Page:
There are many ”expert” methods out there to help you tackle you debt. The two biggies being the ”Snowball” and ”Avalanche” methods but there are other, unique, methods too. We listen to other people all too often not looking at our own situation and analyzing it. Experts try and tell us that their method is the best and we listen to them. We, as a society, don’t question things enough.
Snowball Debt Repayment
This method, probably made most famous by Dave Ramsey, suggests organizing your debt payoff in such a way that you pay them off according to size from smallest amount to largest. The logic being we gain debt payoff momentum and are more encouraged to continue on in our efforts when we see results and gain the satisfaction of paying things off. The big drawback to this method being you could likely end up paying more in interest since interest rate isn’t taken into consideration when prioritizing.
If you’re the type of person who gets excited about paying something off in full (rather than just paying a balance down) this method will likely work well for you.
Avalanche Debt Repayment
Interest rate is taken into consideration with the repayment option. Organizing your debt from highest interest rate to lowest and start repayment accordingly. This method ensures you’re debt free and paying while paying the least amount of interest.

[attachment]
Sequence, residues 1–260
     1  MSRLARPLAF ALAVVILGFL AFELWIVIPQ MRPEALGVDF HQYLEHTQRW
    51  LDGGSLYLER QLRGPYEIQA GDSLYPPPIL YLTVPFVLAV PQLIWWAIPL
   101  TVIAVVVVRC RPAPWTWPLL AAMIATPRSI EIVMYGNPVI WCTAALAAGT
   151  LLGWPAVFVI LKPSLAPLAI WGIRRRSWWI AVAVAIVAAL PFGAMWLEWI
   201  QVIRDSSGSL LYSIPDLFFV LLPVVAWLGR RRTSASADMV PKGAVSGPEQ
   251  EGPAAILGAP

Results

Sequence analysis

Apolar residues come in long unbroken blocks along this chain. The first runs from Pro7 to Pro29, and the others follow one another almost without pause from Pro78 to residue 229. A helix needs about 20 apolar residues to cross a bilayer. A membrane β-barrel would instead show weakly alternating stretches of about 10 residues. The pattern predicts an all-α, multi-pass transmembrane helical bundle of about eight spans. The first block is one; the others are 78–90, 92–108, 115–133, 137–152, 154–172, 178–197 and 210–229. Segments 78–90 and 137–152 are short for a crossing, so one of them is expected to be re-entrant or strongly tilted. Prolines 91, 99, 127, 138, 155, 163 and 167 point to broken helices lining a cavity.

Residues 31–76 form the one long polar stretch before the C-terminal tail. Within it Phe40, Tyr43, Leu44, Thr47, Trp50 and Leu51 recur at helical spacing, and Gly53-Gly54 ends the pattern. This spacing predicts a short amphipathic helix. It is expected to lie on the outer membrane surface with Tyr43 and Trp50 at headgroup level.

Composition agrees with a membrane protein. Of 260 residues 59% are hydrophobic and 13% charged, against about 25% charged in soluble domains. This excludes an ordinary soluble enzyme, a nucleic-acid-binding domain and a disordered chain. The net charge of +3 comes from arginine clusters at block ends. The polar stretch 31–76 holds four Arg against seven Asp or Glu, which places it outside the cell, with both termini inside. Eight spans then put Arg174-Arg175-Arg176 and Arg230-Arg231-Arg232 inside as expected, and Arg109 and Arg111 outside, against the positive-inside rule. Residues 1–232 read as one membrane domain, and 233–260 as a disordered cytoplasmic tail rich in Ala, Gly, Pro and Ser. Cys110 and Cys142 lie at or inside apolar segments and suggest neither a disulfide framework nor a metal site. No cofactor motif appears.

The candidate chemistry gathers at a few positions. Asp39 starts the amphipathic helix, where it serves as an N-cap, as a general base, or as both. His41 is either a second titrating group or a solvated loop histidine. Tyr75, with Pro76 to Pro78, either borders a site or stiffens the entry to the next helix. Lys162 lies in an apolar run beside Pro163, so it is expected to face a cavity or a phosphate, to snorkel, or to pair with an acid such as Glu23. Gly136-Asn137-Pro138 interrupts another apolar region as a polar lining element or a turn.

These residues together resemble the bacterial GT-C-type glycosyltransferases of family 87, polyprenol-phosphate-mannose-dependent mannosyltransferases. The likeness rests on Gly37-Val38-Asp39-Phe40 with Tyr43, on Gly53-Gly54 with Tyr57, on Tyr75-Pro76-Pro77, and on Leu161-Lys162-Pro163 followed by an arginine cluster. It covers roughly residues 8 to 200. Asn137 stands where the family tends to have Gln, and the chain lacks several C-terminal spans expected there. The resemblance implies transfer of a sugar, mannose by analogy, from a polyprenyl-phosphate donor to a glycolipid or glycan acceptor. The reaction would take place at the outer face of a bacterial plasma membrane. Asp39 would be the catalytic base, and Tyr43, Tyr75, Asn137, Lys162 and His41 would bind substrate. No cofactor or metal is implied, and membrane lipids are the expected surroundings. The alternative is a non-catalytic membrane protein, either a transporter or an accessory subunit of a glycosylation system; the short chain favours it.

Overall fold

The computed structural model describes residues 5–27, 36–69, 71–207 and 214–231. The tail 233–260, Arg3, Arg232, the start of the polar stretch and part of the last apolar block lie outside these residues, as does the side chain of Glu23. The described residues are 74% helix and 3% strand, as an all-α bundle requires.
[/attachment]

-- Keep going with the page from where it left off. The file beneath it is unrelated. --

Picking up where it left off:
To me this method makes the most sense. While I understand the logic behind momentum gained with the snowball method, if you were to calculate potential interest paid between the two one may be inclined to switch methods.
Which is Best For Me?
Snowball doesn’t work for me because I lose thousands in interest and I like the idea of paying as little as possible, as fast as possible.
Avalanche doesn’t work for me because my highest interest rate loan offers me a tax discount come April and my lowest interest rate loan is effecting my credit score so I want it eliminated ASAP.
Every debt repayment strategy needs to be personal and while both of these methods make sense in their own ways I need to look at my situation and realize that neither is exactly appropriate and guess what experts? I’m Ok with that. I’m Ok with not listening to your ”expertise” and I’m Ok with doing what is best for my family’s fiances. You should be Ok with challenging experts too.
We tend to get lost in hype over stuff. Again I will reiterate that both of these methods are good and the main goal of debt freedom is priority but it’s important that we don’t forget that they’re not the only ways though. If something someone else is doing doesn’t work for you, don’t do it, it’s just that simple. I’m going against the grain. I’m currently working on paying off one of the loans that offers me an income tax deduction because it’s like a thorn in my side and I want it gone. Then I will likely shift my financial efforts over to the 0% interest loan because it pisses me off. I don’t care that it’s 0% and I have 5.5% interest loans as well.
I’m paying off our debts according to how much the annoy me, not what the experts say. How are you working on your goals? Any other rebels out there?